Bill: Tech was never your high point.
Tobias: Say it again? [laughs]
Bill: I said tech has never really been your real high point. I can see how the gray to red would throw the entire idea off.
Tobias: I think to be fair I’ve got it a long way for a lawyer to have got this stuff out.
Jake and Bill: Yeah.
Tobias: Get all this stuff talking together.
Bill: Well, your best I think–
Tobias: I like tinkering.
Bill: Your best at long form books and charts.
Tobias: That’s fair. That’s probably correct.
Bill: Formatting and tech, I don’t know. I wouldn’t say like, “That’s Toby’s [crosstalk] strength.
Tobias: I like to think a little bit artistic, but [crosstalk] I like Greenwald’s growth metrics. I like Greenwald’s way of valuing growth. He looks at the yield, he looks at the return on the reinvestment rate, looks at it incrementally, and then he sums it all together, and that gives you this expected return figure, which is what I’ve done. I’ve made my own modification to it, because I’m not using free cash flow. I’m using operating income and then playing around with a little bit. It makes intuitive sense to me. I might have to explain it a few different times, find a way to explain it better– [crosstalk]
Jake: Toby adjusted earnings? [laughs]
Tobias: I find it interesting. It’s quite a useful little tool and it tests reasonably well, too. It’s interesting in the sense that what it has done, if you’re just purely ranking on this expected return figure, it’s quite good at picking stocks that do well in a growthy market. It’s a growth screen. I put that into the screener. There’s one on the front page, which is the large cap screener. If you go to The Acquirer’s Multiple website, you can pull it up. It takes a little while to load up, but then you can see that screen and then if the paid screen is on our full depth on all investable, full depth on small and micro, and you can see the bubble chart distribution to see where everything is in there.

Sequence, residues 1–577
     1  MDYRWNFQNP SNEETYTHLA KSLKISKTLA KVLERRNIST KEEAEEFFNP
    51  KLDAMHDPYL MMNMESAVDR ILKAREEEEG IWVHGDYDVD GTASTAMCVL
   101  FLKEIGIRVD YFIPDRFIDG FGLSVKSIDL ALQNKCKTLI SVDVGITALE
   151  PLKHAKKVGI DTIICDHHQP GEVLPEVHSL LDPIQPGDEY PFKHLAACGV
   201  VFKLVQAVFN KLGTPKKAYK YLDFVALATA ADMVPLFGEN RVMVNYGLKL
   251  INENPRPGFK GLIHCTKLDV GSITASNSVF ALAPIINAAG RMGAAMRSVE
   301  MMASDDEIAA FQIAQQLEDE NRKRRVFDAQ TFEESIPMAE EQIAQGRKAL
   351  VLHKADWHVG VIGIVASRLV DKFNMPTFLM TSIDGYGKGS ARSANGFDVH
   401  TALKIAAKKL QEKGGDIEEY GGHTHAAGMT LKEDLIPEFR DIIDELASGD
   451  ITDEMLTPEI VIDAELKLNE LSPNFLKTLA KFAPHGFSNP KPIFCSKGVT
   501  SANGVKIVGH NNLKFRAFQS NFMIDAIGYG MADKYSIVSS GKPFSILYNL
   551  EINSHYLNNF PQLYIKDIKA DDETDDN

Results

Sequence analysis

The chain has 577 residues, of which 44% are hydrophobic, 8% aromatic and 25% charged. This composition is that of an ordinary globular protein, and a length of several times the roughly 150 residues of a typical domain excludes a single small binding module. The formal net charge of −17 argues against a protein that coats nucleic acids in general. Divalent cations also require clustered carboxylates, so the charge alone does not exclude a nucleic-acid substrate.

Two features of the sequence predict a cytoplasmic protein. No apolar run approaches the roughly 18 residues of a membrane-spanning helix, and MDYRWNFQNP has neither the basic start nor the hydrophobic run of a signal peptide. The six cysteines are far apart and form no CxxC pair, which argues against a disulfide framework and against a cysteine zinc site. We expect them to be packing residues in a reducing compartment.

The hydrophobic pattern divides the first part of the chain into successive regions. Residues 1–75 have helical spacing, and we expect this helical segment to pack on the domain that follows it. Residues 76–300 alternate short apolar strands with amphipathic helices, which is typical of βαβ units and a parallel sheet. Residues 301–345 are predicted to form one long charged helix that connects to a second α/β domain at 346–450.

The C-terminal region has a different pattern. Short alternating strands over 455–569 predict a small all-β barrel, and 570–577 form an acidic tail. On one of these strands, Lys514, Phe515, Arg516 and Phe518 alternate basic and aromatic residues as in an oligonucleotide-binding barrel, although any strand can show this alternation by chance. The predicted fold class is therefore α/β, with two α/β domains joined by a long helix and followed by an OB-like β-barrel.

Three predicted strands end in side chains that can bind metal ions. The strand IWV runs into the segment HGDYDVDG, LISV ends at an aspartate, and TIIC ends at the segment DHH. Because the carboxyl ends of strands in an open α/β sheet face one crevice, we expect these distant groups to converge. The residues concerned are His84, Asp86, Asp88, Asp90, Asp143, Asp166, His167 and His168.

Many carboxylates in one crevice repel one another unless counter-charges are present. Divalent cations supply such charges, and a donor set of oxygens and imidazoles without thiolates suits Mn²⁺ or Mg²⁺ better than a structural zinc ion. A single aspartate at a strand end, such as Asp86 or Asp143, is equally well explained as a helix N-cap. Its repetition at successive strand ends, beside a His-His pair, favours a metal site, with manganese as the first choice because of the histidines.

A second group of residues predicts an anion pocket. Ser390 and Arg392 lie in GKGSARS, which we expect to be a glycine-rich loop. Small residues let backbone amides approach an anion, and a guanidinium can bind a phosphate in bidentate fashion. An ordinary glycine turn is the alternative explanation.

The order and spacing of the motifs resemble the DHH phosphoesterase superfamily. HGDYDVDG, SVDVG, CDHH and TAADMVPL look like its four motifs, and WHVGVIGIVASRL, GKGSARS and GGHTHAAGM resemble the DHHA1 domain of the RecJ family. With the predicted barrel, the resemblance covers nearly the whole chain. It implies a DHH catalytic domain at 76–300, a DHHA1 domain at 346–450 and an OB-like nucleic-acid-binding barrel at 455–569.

$FB Is Cheap
I think there are a few things that are interesting to stand out. To me, Facebook stands out. I’ve said this a few times as we discussed last week and the week before. I don’t know which of these two outcomes is the correct one. All I know is that the price is quite distinct from the last five years of operating history for that business. Either the business is going to collapse pretty precipitously here over the next few years and that’s entirely possible. That’s not off the table at all or the price is wrong, if it can continue on what it’s doing. So, I don’t mind little bets like that.
Jake: Can I set the calendar reminder for 2032 to pull that growth screener off the shelf and–? [laughs]
Tobias: Yeah. Well, next time you go to write your value worst opportunity sitting 25 years or whatever it’ll be by that stage, 35 years or 55 years.
Jake: Yeah. [crosstalk] but that’s it.
Expected Growth Is A Good Value Approach